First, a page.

Some place with lots of open space and light and always plenty of good food and friends and family.
If luxury were a moment, what would it be?
Any moment in which you are living the above description. Or a feeling of blissful exhaustion after a day lived to its fullest.
If luxury were an object, what would it be?
A bouquet of wildflowers.
What was the inspiration behind STOLEN, a love for art, documentary thrillers, a particular connection with any of the stolen paintings, etc.?
I loved both the Gardner Museum and also Vermeer's "The Concert" so the theft definitely got my attention. When I started to look into the possibility of making the film I realized there was a very strange and disparate cast of characters associated with the theft. A group of individuals that were never have been connected had it not been for the theft. There was something a bit outrageous about this fact which sort of charmed me in terms of making a film.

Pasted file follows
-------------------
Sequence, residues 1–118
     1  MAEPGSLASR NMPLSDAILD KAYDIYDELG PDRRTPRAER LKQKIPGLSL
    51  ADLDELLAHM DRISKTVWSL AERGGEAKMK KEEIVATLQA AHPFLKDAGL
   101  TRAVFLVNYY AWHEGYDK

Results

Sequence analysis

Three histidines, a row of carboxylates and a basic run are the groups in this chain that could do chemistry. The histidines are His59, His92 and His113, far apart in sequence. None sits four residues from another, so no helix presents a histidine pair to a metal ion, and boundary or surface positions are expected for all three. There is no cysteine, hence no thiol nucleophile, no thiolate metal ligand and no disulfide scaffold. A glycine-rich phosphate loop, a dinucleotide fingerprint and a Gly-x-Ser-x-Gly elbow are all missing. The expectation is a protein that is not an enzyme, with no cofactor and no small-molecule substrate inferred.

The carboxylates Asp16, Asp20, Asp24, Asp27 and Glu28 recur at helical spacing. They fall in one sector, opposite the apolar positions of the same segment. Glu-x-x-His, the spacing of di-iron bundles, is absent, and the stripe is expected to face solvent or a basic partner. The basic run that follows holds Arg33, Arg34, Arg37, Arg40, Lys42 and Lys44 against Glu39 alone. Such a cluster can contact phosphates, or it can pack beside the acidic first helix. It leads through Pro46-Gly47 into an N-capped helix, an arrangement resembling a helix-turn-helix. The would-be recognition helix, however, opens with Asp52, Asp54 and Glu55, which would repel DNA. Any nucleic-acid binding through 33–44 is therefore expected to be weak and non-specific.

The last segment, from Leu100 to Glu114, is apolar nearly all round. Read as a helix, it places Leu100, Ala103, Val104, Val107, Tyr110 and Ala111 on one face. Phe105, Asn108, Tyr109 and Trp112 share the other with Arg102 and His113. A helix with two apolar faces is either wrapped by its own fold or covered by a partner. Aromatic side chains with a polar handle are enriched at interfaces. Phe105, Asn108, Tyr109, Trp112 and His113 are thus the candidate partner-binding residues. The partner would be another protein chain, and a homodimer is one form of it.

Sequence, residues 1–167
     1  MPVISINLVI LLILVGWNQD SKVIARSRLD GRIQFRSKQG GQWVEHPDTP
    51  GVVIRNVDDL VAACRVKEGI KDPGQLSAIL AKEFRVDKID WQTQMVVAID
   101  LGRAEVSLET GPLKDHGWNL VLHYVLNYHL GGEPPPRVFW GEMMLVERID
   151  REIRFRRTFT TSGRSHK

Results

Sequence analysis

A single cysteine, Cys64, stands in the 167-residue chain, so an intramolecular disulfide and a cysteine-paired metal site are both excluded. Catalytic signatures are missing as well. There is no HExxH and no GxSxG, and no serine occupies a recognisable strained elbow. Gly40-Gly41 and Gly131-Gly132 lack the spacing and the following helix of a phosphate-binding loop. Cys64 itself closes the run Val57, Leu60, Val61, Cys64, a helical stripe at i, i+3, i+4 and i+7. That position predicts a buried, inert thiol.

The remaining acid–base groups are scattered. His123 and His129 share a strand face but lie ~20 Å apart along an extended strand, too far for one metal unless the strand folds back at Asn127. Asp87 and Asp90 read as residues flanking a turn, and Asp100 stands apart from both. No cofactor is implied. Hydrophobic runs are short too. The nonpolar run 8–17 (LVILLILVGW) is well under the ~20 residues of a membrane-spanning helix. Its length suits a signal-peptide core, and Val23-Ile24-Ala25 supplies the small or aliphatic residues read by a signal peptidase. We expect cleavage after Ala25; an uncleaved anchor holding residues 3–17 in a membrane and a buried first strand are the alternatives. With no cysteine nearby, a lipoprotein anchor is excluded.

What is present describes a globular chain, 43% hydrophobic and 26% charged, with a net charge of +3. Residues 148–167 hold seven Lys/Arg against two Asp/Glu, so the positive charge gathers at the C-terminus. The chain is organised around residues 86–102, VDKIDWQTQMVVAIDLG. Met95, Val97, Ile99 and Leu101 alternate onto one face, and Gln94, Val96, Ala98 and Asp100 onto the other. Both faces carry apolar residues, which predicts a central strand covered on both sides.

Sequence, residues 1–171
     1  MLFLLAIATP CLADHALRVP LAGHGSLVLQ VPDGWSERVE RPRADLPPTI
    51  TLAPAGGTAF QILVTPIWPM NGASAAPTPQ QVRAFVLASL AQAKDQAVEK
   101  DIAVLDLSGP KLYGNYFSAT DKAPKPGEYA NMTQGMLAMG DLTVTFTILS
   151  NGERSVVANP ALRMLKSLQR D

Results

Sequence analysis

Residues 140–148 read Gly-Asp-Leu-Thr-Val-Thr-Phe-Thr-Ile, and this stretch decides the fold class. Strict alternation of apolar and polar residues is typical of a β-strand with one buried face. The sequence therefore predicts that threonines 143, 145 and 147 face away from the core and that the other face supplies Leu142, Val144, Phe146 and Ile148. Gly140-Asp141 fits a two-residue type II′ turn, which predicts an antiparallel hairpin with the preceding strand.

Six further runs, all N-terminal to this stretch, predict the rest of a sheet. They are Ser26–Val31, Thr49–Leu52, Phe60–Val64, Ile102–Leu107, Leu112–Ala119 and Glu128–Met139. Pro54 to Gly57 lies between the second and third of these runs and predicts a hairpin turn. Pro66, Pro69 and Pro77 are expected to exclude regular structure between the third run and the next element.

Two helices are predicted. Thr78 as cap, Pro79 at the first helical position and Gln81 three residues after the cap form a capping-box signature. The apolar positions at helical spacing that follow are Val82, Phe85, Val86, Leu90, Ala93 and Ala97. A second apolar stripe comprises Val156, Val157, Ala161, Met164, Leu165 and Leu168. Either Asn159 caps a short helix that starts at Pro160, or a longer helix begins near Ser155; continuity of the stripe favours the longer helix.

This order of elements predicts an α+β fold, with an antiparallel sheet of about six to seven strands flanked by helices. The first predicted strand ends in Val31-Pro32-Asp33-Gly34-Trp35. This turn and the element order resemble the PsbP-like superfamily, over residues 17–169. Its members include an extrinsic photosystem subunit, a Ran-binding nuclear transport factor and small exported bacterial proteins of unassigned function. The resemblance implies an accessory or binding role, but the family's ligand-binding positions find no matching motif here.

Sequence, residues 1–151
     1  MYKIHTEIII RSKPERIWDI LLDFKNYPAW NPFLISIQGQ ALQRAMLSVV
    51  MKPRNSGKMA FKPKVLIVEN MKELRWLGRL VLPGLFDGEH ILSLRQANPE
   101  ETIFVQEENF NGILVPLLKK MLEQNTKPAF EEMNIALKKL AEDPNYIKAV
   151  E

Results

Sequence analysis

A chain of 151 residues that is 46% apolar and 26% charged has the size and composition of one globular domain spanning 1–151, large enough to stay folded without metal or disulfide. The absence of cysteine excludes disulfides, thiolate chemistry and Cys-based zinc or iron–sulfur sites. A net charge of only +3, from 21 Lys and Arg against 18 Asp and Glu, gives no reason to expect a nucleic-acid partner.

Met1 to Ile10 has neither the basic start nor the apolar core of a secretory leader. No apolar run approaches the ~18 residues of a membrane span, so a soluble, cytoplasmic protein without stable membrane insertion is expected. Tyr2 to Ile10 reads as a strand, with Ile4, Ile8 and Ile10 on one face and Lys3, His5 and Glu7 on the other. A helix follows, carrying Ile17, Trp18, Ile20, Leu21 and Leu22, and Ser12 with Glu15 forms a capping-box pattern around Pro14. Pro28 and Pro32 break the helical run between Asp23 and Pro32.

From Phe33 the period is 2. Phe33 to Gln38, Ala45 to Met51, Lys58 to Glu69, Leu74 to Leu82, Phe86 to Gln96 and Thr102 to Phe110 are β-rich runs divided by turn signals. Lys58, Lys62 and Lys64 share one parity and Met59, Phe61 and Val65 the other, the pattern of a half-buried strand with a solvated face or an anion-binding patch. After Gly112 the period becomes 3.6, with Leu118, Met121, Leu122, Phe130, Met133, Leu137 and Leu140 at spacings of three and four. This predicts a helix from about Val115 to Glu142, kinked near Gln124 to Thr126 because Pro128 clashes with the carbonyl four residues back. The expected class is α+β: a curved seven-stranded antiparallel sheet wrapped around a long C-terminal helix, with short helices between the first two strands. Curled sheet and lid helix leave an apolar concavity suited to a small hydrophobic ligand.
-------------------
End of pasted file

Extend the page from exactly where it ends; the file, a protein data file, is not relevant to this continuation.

Were you secretly hoping to help solve the crime by making this film?
Not so secretly. But Susannah Ludwig -who is my fabulous producer- and I always agreed that we would make a great film with or without a recovery, which is what we did.
Do you agree with the assumption that if Ms. Gardner were still alive, she would have retrieved her paintings by now?
I think it's certainly possible. I think one person with a lot of influence and a strong personal desire to see the recovery happen might very well be effective. She certainly would have been that person if she were here.
There are so many moving moments in the film? What were some of the most touching for you?
STOLEN is very much about moments, so I wouldn't so much identify a particular moment in the film that is meaningful to me although of course, I do have my personal favorites. I would just say the idea of a moment, particularly in relation to Vermeer's work is, thematically a big part of STOLEN.
The candid accounts of renowned art thieves of their previous crimes are incredibly. Was it difficult getting them to speak opening about their past?